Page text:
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The official religion of Cambodia is Theravada Buddhism which is practiced by 95% of the Cambodian population.

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Tarantula kebabs are a popular delicacy in Cambodia. Spiders are another delicacy or necessity served in Cambodia,

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Prahok is a national ingredient in Cambodia, and is made of fermented fish.

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Cambodian food is a complex mix of local dishes and various influences such as Thai, French, and Sino-Vietnamese and is really tasty. (amok and morning glory)

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Cambodia’s motto is “Nation, Religion, King.

The Temples of Angor are a great place to take wedding photos.

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The Cambodian People’s Party (CPP) is an outgrowth of the People’s Revolutionary Party of Kampuchea (PRPK), which through the 1980s served as the single party, providing discipline and leadership for the socialist state. It is not clear to what extent the transition to a multiparty democracy has taken place. There is a lot of corruption in the political system.

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Many people in Siem Reap speak English because “the people who know more teach the people who know less.” School is in the morning or the afternoon. Now most of the kids you see working in Siem Reap do it before or after school.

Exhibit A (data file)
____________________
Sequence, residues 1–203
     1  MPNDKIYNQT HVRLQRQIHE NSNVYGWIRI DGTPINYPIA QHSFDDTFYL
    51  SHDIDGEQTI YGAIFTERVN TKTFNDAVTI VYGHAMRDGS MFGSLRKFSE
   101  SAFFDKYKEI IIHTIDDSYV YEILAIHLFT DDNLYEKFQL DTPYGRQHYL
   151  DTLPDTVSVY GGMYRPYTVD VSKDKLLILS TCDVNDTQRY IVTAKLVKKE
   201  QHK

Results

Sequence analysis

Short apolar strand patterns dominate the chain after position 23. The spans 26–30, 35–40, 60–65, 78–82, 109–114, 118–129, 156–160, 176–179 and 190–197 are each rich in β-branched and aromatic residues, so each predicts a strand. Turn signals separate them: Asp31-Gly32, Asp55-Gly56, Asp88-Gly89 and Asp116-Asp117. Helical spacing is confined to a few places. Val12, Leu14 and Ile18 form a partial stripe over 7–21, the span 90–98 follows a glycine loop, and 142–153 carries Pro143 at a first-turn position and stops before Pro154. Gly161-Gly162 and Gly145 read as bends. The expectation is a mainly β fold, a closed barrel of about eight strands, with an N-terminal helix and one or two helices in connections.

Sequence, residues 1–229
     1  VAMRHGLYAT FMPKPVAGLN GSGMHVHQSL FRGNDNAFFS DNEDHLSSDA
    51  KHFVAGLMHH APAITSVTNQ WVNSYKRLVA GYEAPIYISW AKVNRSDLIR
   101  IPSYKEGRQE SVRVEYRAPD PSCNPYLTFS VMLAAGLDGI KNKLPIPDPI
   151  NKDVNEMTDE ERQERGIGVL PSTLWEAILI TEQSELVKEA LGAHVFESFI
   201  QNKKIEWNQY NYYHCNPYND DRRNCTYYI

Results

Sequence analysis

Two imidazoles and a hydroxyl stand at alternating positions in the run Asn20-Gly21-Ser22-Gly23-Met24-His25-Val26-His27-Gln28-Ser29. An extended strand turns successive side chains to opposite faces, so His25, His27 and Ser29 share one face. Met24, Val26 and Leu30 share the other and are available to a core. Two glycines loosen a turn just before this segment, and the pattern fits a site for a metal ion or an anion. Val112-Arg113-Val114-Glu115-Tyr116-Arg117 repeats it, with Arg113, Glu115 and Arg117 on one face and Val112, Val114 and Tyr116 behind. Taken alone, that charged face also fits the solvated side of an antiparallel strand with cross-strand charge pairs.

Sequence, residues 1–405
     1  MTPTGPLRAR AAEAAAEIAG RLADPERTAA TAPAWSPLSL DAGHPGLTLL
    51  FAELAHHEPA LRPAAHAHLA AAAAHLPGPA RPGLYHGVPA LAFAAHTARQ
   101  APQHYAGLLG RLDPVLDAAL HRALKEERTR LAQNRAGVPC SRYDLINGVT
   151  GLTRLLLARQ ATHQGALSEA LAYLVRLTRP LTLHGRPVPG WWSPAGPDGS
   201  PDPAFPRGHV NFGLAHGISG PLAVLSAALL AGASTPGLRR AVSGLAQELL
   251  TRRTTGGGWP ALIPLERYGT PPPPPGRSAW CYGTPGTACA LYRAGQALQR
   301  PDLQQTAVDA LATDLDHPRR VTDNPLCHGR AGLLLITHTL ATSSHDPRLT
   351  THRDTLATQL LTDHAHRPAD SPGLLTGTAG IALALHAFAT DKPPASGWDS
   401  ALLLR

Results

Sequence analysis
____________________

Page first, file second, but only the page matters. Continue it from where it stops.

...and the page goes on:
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Hammocks are a lifestyle  in Viet Nam and even more in Cambodia. Maybe it is the heat but they are everywhere.

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Garment export and tourism are two of the main industries that generate revenue for the economy of Cambodia. (I’m hoping garment export doesn’t mean factories with underpaid workers)

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Half of Cambodia’s current population is younger than 15 years old.

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Traditionally, birthdays are not celebrated in Cambodia. Older people might not even know their birthdays.

In Cambodia, the head is regarded as the highest part of the body and shouldn’t be touched even in the nicest way.

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The Cambodian flag is the only national flag that has an image of a building – the Angkor Wat.

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Cambodia is home to the emblematic Angkor Wat temple, which is a silent testimony to how resourceful and artistically brilliant its people are.

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Fly safe,

JAZ

 

Ta Prohm, Cambodia – The Tomb Raider Temple

Ta Prohm, Cambodia – The Tomb Raider Temple

“Indiana, we are simply passing through history. This… this is history.” Raiders of the Lost Ark

I know – wrong movie but it was such a good quote for this. Yes, Ta Prohm is the temple where Angelina Jolie played Lara Croft in Tomb Raider. Disturbingly many more Americans probably know where Angelina Jolie is right now and do not know where Cambodia is. Some may know the Tomb Raider temple is in Cambodia. (The Tomb Raider tree)